Have you had that thing happen after a really awesome holiday?
After spending days, maybe weeks in a place where there are no alarm clocks, commutes, or cubicles, you begin to suspect this place has magical powers of transformation. Here you wear flat shoes and let your hair curl up; you might be bolder, you sleep deeper, you wonder how come the tomatoes taste so freakin’ good here? Its like an exhale from somewhere deep inside, of your whole entire body. You might wonder why ‘real life’ doesn’t feel like this, you might conduct a half-hearted search of real estate in this magical place, or have the ‘if we won the lottery we could move here and I’d paint and you could fix bicycles’ conversation. Over mojitos. With the backdrop of a stupidly gorgeous sunset.
And a few nano-seconds later, you are home, paying the gas bill online while rain pitter-patters on the window. And your desktop wallpaper is an image of you, grinning like a loon in the middle of those few days of brilliance where you felt like you’d come home to yourself.
And you wonder where the hell she went.
I spent years chasing her. All over the world. Just trying to capture those few moments of utter joy, wrapped in possibility, that only seemed available to me when I was far away from my real life. I wanted to (somewhat ironically) hold on tight to that feeling of being untethered and free, I wanted to grab that bubble of adventurous excitement that would rise in my chest whenever I walked past the Chiswick Flight Centre.
It was the weekend in Copenhagen that finally did for me.
After half a dozen years of pursuing the happy, I remember standing on a cobbled street in the early afternoon, still working through the brain-fog of three hours sleep plus bonus hangover (or as I knew it then: Sunday). I was trying to get my bearings with the map in the back of the Europe Rough Guide (remember those?!) I realised I was looking at a map of Amsterdam. And then another few minutes later, I realised I wasn’t in Amsterdam. We’d been there a couple of weeks ago, or was it last weekend? How could I not know? When was the last time I actually thought about where I was?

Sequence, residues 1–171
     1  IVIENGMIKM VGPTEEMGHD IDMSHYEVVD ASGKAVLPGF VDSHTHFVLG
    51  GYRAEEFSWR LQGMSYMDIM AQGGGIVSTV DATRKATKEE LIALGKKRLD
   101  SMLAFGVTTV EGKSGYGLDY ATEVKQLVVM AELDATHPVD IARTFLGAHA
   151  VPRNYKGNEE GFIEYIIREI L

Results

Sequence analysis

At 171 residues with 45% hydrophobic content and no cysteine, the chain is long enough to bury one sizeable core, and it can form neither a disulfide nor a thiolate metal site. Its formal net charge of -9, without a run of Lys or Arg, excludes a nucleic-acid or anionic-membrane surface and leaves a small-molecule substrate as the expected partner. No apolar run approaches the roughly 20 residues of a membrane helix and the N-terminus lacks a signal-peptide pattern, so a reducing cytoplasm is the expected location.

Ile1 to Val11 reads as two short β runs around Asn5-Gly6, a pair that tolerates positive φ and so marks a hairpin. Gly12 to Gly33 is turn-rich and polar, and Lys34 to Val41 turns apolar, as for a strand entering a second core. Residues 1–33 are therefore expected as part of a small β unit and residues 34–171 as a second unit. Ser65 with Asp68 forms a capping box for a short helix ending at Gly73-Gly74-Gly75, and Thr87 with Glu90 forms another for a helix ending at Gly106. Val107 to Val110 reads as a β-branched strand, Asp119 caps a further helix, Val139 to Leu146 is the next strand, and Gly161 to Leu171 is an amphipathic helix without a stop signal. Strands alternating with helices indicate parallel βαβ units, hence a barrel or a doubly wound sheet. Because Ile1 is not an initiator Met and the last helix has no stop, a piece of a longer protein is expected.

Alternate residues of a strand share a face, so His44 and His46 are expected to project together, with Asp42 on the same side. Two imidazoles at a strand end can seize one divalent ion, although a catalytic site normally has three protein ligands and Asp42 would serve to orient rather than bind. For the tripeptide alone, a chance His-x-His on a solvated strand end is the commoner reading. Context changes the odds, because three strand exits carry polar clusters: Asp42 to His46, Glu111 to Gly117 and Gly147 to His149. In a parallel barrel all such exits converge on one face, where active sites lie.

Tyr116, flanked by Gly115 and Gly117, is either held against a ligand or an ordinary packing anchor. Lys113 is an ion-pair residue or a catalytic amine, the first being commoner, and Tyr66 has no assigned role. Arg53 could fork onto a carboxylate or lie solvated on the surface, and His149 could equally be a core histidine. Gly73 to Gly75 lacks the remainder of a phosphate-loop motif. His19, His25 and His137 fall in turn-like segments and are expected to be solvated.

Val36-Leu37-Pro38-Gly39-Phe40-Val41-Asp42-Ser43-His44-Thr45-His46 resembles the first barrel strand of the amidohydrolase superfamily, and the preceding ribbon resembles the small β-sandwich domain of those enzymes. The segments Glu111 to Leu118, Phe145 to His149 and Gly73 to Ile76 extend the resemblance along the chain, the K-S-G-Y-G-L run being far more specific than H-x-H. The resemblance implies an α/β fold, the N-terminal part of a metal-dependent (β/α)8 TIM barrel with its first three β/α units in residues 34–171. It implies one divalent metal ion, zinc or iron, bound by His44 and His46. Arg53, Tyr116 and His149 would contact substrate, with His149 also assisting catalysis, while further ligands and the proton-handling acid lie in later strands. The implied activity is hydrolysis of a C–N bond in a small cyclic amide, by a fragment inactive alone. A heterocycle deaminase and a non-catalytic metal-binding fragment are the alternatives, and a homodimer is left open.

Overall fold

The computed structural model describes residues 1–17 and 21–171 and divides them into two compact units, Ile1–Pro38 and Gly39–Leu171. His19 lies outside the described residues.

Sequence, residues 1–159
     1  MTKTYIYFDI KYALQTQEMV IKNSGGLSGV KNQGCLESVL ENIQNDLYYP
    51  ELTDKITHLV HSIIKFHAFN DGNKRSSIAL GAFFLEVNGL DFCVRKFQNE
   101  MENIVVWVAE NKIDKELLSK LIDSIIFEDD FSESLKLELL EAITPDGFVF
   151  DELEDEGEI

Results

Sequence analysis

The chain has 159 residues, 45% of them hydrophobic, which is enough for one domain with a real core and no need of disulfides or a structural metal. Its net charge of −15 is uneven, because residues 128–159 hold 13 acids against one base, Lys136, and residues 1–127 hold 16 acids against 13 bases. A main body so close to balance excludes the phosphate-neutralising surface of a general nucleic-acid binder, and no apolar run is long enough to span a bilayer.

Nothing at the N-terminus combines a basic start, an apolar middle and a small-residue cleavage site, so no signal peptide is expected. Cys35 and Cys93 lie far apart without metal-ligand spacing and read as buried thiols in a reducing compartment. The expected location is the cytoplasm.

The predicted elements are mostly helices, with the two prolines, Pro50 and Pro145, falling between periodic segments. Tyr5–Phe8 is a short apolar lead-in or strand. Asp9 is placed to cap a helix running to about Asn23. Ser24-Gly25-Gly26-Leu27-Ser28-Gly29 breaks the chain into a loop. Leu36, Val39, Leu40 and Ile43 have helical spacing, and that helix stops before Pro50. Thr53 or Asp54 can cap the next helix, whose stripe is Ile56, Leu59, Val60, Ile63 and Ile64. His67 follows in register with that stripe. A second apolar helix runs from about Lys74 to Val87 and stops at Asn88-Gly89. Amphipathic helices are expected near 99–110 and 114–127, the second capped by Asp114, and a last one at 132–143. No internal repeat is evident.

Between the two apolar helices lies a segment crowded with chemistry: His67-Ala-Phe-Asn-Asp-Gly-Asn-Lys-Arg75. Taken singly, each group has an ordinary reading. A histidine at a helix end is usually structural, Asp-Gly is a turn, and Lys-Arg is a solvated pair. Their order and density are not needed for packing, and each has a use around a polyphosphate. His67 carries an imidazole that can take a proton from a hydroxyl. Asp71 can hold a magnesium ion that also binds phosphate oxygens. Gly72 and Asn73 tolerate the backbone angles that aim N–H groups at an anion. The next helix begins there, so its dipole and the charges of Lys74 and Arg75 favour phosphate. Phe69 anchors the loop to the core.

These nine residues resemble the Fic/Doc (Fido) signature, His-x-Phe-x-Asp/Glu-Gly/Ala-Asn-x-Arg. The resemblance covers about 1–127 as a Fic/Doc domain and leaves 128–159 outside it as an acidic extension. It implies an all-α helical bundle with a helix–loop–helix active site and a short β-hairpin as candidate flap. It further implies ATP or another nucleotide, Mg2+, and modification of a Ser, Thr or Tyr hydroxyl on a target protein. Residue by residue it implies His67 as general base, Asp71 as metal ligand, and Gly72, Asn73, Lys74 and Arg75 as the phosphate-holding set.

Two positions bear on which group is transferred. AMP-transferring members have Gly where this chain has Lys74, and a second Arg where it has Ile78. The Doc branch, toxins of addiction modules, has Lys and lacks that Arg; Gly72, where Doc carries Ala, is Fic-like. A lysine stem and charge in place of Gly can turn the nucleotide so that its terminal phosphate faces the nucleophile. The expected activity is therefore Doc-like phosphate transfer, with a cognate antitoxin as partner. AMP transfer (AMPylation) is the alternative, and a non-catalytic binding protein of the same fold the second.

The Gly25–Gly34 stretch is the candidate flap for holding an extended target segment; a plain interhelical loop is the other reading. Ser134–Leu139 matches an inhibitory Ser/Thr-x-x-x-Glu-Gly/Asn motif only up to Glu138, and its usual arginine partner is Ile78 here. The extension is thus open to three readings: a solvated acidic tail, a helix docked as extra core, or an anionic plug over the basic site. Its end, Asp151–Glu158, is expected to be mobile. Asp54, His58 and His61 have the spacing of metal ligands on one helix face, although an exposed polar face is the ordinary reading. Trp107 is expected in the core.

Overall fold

I realised how knackered I felt. Chasing happiness is exhausting.
Sitting in San Francisco airport just a few weeks ago, I thought about those years of adventuring and the memories I collected, like postcards. I am so grateful to have have had that freedom, to know it for the unwashed knickers, missed trains and lost backpacks, as well as all the magic. There is no unfulfilled Travelling Wilbury inside of me, busting to escape. I am not interested in running away anymore. This makes me feel like a proper grown-up.
But I still find re-entry a difficult bloody business. And even though I know that staying still is by far the most effective way for me to keep the energy of an awesome trip alive, I have really struggled to just let the magic of California sink into my bones.
I love the way I feel on the West Coast – somehow more expansive and filled up at the same time. I love how possible everything feels there. The unlimitedness, the unapologetic bigness of America sparks me up.
Returning to England’s half-arsed attempt at Spring (truly pathetic) has left me antsy and miserable. Perhaps there is some sort of mathematical algorithm relating travelly-trip awesome to time spent wallowing in disproportionate levels of woe? I am gradually coming back to myself here. Much like New Zealand, England is so much more earthy, more grounded in itself, and I know I need this acerbity to keep me real.
So I am putting a request out to the Universe for some magical circumstances that will allow me to mix it up – to live in this ancient rainy land and to have an annual pilgrimage to the States for awesome missions. This feels like the perfect combo deal.
Have you ever had re-entry woe? Do you have any top-tips for managing this? *sits in the park, miles from the ocean* *pops up umbrella*